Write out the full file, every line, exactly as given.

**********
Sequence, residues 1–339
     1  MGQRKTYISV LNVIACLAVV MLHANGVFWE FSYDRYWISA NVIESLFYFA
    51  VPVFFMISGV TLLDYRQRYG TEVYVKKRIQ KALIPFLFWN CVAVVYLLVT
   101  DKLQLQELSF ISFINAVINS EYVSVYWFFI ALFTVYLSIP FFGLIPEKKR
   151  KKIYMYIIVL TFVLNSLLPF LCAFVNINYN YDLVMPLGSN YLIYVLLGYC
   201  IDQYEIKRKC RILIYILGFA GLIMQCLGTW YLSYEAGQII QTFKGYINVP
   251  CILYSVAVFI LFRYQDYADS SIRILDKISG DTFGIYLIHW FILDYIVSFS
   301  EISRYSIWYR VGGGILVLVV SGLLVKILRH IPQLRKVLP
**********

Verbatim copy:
Sequence, residues 1–339
     1  MGQRKTYISV LNVIACLAVV MLHANGVFWE FSYDRYWISA NVIESLFYFA
    51  VPVFFMISGV TLLDYRQRYG TEVYVKKRIQ KALIPFLFWN CVAVVYLLVT
   101  DKLQLQELSF ISFINAVINS EYVSVYWFFI ALFTVYLSIP FFGLIPEKKR
   151  KKIYMYIIVL TFVLNSLLPF LCAFVNINYN YDLVMPLGSN YLIYVLLGYC
   201  IDQYEIKRKC RILIYILGFA GLIMQCLGTW YLSYEAGQII QTFKGYINVP
   251  CILYSVAVFI LFRYQDYADS SIRILDKISG DTFGIYLIHW FILDYIVSFS
   301  EISRYSIWYR VGGGILVLVV SGLLVKILRH IPQLRKVLP